Reduction of Weekly Benefits


Weekly payments of compensation for total disability cannot be reduced except in cases involving retirement. Compensation for partial disability may be reduced based on the following circumstances:

Return to Work

If an injured worker earns wages while receiving benefits for partial disability, he/she will receive compensation payments equal to 75% of the difference between his/her spendable base wage before the injury and the spendable base wage after the injury. In other words, an injured worker is still entitled to weekly compensation, based on this formula, if he/she returns to work at a job that pays less than the average weekly wage earned at the job where the injury occurred. Weekly benefits are calculated each week based on the amount of wages earned each week in the new job and converted into a spendable base wage.

Read full text of statute » 28-33-18

An injured worker has a duty to report all wages earned while receiving workers’ compensation benefits to the insurance company so the proper amount of compensation owed may be determined. The failure to report earnings may result in the suspension and forfeiture of benefits. On occasion, an insurance company may send an injured worker a form called “Report of Earnings” which requires the injured worker to report any and all wages earned while receiving workers’ compensation. Regardless of whether this form is sent to an injured worker, the law imposes a duty to report wages to the insurance company. Obtaining or attempting to obtain workers’ compensation benefits through fraudulent means is a crime.

Read full text of statute » 28-33-17.2 | View Form

Maximum Medical Improvement

Maximum medical improvement (MMI) is defined as a point in time when an injury has become stable and no further treatment is reasonably expected to materially improve the condition. In other words, it is that point when a doctor says that nothing more can be done to improve the condition. Under such circumstances, weekly compensation benefits may be reduced by 30 percent upon order of the Workers’ Compensation Court. The reduction does not apply to injured workers who are working. Also, an injured worker may receive a delay in the implementation of the reduction by proving that, despite having reached MMI, he/she has made a good faith effort at looking for work.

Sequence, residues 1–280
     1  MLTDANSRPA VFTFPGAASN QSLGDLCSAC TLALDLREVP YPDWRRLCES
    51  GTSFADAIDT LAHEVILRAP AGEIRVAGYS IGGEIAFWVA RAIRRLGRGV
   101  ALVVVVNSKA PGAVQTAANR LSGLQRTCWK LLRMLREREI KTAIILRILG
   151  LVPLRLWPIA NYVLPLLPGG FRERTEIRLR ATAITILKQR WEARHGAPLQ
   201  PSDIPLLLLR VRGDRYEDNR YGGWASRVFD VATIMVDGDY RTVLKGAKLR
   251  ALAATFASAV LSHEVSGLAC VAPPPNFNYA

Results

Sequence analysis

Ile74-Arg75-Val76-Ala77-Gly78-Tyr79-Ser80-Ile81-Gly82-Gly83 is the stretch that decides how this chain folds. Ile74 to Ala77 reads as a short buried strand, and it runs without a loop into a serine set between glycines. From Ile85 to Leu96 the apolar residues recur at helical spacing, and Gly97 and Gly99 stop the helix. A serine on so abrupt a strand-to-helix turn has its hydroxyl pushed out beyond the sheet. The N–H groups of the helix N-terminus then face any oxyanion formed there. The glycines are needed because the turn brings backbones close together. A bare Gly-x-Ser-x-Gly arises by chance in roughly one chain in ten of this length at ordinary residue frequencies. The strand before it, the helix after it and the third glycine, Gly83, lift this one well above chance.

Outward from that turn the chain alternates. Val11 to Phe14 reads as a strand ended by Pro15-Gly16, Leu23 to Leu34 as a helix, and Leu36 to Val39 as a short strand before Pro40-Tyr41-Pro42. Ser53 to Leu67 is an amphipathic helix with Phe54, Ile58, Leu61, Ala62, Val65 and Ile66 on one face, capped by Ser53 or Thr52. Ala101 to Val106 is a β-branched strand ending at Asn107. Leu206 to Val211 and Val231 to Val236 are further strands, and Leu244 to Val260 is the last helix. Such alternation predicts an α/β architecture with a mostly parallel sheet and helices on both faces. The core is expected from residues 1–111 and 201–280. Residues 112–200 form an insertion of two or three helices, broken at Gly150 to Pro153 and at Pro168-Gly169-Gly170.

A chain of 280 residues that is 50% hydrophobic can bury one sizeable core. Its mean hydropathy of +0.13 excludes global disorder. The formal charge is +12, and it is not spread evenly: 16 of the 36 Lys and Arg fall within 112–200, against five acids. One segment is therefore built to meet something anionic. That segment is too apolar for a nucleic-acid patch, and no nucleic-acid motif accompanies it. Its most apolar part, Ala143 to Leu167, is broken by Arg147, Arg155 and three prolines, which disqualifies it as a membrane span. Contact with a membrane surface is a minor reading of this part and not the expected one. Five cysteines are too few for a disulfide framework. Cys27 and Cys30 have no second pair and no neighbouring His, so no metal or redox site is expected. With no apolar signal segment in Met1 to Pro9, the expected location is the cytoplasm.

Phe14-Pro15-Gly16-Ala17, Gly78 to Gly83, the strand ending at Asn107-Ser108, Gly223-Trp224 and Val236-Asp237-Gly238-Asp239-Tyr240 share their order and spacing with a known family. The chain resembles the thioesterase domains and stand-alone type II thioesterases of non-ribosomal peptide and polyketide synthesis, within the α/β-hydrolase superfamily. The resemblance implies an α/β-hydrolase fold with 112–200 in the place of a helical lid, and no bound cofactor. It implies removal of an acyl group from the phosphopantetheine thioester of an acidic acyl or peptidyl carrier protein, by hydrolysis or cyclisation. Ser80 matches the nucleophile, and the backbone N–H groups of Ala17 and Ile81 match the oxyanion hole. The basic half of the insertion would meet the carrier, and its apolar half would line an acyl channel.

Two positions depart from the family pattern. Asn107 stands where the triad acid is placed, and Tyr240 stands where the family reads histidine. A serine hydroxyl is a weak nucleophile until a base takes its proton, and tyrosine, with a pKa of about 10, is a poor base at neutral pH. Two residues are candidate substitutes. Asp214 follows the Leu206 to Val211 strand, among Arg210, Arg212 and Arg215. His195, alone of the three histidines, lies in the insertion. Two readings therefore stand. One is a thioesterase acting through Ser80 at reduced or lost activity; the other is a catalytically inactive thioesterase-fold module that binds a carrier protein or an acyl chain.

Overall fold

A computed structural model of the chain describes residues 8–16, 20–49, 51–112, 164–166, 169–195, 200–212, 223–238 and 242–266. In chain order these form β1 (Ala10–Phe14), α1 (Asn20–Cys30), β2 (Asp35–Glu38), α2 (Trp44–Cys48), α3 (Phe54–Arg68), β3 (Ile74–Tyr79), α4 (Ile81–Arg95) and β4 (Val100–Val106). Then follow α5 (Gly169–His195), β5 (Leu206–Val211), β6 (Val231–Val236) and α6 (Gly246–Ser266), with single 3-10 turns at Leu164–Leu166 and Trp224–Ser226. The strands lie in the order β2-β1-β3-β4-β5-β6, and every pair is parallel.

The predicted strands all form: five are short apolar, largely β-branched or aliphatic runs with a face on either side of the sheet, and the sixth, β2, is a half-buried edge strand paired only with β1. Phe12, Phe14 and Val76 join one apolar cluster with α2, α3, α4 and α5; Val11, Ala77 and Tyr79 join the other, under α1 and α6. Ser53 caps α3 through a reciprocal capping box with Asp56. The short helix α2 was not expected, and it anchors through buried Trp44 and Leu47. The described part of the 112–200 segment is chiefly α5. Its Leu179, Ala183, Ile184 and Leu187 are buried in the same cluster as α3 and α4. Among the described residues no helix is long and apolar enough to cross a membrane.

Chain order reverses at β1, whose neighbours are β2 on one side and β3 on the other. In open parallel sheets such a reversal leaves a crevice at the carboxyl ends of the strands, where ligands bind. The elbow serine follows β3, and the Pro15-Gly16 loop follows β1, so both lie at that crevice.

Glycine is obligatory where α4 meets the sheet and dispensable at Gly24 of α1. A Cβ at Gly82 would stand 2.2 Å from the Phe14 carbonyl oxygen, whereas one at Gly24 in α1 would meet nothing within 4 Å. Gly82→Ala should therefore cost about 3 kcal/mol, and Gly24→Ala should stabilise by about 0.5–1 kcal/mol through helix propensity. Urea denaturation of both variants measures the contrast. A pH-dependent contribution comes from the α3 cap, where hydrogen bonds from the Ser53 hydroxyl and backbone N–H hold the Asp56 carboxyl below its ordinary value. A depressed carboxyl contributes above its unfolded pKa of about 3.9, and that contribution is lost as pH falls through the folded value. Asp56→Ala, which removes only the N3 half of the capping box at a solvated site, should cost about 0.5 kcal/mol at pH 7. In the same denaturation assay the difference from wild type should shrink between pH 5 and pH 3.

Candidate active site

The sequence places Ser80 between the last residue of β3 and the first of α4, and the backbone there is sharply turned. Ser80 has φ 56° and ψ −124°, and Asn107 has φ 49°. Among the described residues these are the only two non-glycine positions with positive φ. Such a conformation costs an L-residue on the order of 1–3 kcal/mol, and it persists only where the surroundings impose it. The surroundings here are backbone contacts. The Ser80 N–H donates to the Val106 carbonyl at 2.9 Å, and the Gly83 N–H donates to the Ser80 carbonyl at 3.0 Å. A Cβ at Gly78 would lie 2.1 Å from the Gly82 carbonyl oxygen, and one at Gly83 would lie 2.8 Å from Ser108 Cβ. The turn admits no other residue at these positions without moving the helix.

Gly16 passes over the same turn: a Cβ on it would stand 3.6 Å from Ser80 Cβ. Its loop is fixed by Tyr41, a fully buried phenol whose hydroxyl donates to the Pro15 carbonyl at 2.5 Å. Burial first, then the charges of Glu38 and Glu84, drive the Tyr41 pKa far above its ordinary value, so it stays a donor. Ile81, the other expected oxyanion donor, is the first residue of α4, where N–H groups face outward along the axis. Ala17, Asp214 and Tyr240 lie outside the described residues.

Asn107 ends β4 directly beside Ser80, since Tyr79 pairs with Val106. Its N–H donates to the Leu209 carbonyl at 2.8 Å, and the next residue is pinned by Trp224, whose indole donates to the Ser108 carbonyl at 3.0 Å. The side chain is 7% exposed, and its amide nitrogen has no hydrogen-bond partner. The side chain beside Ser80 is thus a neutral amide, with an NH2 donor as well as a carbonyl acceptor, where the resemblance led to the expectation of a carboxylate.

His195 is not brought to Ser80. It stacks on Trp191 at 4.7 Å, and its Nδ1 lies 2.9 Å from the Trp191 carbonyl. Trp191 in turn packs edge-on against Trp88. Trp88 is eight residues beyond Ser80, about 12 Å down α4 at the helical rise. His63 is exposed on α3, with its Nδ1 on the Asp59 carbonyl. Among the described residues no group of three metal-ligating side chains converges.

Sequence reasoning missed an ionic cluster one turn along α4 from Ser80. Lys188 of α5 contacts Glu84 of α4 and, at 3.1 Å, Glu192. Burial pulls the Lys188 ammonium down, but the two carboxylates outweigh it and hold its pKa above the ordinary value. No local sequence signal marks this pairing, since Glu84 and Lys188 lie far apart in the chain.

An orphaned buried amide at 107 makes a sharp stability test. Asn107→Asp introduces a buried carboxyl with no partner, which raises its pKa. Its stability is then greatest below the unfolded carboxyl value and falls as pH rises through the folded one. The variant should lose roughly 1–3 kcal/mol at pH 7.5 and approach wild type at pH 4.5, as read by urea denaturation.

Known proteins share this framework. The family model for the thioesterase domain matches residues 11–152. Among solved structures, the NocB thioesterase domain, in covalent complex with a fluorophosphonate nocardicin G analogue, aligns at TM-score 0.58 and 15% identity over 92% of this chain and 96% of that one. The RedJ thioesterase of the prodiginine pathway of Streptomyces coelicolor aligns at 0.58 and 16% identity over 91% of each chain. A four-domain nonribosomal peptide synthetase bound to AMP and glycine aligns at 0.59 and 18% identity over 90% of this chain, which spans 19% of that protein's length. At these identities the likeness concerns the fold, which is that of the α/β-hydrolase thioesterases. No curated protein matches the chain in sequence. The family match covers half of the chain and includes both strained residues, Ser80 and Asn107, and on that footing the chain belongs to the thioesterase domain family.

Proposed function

Read full text of statute » 28-29-2(8) and 28-33-18(b).

Suitable Alternative Employment

Suitable alternative employment (SAE) is an employer’s offer of a job to an injured worker which the worker is physically able to perform, bears a reasonable relationship to his/her qualifications, background, education and training, and does not result in the loss of seniority or other employment benefits. If the job is accepted, weekly compensation will be paid equal to two-thirds of the difference between his/her average weekly wage and the gross wages earned in the SAE job. If the injured worker refuses an offer of SAE, then the Court can reduce weekly compensation benefits to the amount which would have been payable if the job had been accepted, i.e., two-thirds of the difference between the employee’s average weekly wage and the gross weekly earnings the employee would have received if he/she had accepted the offer of suitable alternative employment.

An offer of suitable alternative employment has to meet certain technical requirements of the law. In order to be considered an offer of suitable alternative employment, the employer must comply with those technical requirements in its written offer; otherwise, the offer will be considered invalid and weekly benefits will not be reduced for an injured worker who refuses the offer.

If an injured worker returns to suitable alternative employment and is later laid off or terminated for any reason other than his/her misconduct, then full weekly compensation benefits will resume automatically. This protection is not provided to an injured worker who returns to a light duty job which is not classified as suitable alternative employment. In this way, a return to suitable alternative employment provides a form of job security to an injured worker. A return to work at light duty is not the same as a return to work at suitable alternative employment. A light duty job is only considered suitable alternative employment if it is documented in writing and notice of the return to suitable alternative employment is filed with the Department of Labor.

Read full text of statute » 28-29-2(10) and 28-33-18.2.
Share by: